Introduction from the Chief Executive
In this section...
- Statement of Intent Homepage 2009/2012
- Minister's foreword
- Introduction from the Chief Executive
- Nature & scope of functions
- Strategic context
- Strategic framework
- Operating intentions
- Managing in a changeable operating environment
- Cost effectiveness
- Assessing organisational health & capability
- Capital intentions
I am pleased to introduce you to Land Information New Zealand’s Statement of Intent for 2009–2012 – and my first as Chief Executive since taking up the position in July 2008.
2008/09 saw the achievement of the final milestone in a 12-year journey to full electronic lodgement of survey and title transactions. This has been a major focus for LINZ. The time is now right for us to take a step back and consider our core role in supporting New Zealand through property rights and management, and land information. We recognise we are operating in an increasingly dynamic world. In addition, uncertain economic times have heightened our need to ensure we are contributing fully to New Zealand’s economic future.
As a result, we have refined and further developed our strategic framework, identifying some key areas of focus where we expect to make the most impact towards achieving our outcomes. We have called these our “key initiatives”.
The driving goal of the Government is to grow the New Zealand economy in order to deliver greater prosperity, security and opportunities to all New Zealanders. The key initiatives we have identified and outlined in this document are aimed at supporting this goal, and reflect the priorities of the Government for LINZ.
We will contribute to the Government’s review of the Overseas Investment Act and continue to improve the efficiency of our application processing, with a view to enabling overseas investment while protecting sensitive land, assets and resources.
Geospatial information is increasingly relied on and pervasive in our daily lives. There is growing awareness of the benefits of geospatial information to modern economies (as well as developing ones). These benefits are economic and social, and across the public and private sectors. There is also a growing expectation and belief that there is a role for government in geospatial information. Given LINZ’s functions and information, we are taking a leadership role this area, co-ordinating across government, with a view to achieving federated geospatial information for New Zealand.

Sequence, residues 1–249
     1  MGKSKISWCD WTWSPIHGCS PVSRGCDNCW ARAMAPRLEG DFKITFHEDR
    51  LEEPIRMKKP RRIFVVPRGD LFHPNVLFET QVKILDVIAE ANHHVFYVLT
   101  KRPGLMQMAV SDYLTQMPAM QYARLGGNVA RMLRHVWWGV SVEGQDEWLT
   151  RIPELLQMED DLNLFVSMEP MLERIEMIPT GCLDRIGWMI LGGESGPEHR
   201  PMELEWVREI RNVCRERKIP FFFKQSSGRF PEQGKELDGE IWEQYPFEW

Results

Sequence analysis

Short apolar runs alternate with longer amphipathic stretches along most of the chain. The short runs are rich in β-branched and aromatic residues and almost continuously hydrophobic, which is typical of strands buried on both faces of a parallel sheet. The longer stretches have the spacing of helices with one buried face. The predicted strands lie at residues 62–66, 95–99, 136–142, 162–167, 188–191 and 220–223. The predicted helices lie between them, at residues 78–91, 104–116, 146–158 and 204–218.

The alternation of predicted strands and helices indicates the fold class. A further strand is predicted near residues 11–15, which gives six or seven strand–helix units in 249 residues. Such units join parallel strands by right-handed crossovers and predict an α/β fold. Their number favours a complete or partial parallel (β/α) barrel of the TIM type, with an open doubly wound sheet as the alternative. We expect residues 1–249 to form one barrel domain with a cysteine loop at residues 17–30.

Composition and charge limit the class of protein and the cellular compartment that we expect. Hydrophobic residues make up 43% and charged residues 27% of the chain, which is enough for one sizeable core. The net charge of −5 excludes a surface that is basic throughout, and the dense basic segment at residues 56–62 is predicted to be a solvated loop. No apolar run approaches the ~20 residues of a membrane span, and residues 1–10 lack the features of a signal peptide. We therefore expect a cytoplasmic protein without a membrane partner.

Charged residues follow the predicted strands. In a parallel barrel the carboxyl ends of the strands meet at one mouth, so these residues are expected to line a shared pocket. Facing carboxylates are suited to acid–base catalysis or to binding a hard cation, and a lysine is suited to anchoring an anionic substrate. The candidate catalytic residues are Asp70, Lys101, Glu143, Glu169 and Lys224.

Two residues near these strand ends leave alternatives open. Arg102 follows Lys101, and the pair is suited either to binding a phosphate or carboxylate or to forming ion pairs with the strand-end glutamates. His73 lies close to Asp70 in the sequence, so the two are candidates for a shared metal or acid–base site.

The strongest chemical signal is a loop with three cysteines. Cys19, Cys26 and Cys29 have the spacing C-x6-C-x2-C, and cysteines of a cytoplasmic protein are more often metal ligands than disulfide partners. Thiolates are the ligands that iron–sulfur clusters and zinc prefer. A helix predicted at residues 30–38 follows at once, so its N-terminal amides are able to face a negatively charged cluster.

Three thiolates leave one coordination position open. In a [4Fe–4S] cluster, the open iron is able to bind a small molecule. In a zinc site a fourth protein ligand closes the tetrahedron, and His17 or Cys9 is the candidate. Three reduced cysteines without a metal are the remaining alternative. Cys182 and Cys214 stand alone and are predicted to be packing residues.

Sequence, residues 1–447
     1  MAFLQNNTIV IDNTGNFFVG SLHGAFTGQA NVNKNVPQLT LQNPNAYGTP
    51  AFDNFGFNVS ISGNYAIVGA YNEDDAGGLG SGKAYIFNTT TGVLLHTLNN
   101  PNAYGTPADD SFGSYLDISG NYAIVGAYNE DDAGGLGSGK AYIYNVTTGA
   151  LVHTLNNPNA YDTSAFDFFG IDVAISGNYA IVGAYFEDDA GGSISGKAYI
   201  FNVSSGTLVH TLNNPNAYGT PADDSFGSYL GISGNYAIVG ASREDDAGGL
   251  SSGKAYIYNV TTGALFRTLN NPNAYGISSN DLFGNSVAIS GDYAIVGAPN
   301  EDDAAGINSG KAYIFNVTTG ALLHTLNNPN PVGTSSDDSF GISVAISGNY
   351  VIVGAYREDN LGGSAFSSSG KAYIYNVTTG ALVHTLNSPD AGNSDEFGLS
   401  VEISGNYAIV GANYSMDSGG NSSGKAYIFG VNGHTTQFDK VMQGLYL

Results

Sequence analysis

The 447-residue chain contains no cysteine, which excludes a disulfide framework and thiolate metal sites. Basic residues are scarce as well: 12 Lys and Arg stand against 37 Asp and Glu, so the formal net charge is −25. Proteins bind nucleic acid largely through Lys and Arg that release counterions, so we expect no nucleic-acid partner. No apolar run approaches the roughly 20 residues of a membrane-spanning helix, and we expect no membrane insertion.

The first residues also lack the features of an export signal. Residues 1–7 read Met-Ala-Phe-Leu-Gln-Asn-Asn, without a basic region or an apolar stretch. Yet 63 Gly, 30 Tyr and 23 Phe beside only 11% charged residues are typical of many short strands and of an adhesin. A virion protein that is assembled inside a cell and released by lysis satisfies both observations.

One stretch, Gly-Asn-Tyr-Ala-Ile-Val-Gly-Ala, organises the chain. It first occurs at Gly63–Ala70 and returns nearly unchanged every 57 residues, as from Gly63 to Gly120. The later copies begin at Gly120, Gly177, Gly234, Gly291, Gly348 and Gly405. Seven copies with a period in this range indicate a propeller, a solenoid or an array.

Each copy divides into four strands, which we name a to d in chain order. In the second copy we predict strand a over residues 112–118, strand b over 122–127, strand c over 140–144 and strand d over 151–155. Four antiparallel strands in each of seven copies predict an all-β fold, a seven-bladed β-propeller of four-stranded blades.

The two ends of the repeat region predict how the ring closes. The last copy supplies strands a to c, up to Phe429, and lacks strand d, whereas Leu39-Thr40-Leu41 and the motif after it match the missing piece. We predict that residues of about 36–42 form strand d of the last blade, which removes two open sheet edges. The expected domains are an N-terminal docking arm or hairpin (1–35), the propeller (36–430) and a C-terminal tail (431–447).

The South Island High Country is an important part of New Zealand’s economic and cultural fabric; this iconic country is capable of productive use for farming and tourism opportunities, as well as forming a part of our New Zealand identity. LINZ will review the policy settings for pastoral leases in the high country, to ensure economic and ecologically sustainable policy settings for pastoral leases into the future, recognising high country leaseholders are effective stewards of the land.
Supporting sustained economic growth has always been a focus for LINZ. In a climate of New Zealand and world-wide economic recession, this focus is even more important. The public sector also needs to ensure we are working smarter and cost-effectively. LINZ has a track record in working smarter through utilising technology and we have also focused in recent years on ensuring our regulatory frameworks are optimal, with compliance costs minimised given the risk. We will continue to focus on these areas, as well as on continually improving the efficiency of our processes. We will also work to improve our information gathering, analysis and planning, so we ensure we focus on the right things, and our research and evaluation, so we can measure our progress and adjust as needed.
The challenges facing us over the 2009–2012 period are significant as we work to deliver our outcomes, encouraging economic growth and prosperity, while recognising the fast-changing economic environment surrounding us and adapting to that. I have confidence in LINZ’s ability to meet those challenges.